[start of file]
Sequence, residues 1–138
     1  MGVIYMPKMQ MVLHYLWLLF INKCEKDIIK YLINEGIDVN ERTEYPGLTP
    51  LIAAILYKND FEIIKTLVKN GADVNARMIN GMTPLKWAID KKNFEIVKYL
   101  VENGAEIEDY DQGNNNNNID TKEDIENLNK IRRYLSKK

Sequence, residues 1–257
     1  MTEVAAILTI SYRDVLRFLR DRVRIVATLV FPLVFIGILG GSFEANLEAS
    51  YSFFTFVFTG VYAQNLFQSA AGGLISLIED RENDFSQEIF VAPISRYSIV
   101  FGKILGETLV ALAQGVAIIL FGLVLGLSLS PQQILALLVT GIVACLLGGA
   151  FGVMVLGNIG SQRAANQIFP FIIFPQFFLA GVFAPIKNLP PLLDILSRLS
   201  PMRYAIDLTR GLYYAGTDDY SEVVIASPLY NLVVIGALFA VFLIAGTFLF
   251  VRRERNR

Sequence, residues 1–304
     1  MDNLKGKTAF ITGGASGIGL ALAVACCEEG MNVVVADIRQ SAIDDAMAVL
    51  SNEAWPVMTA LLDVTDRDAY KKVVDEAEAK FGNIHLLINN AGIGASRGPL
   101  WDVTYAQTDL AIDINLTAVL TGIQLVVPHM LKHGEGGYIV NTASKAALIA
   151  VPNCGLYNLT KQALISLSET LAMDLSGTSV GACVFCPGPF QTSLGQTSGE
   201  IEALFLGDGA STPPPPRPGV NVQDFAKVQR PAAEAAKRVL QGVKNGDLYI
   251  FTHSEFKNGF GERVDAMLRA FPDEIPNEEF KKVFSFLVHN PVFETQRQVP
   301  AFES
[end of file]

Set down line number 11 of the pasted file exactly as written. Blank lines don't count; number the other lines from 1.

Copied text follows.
   251  VRRERNR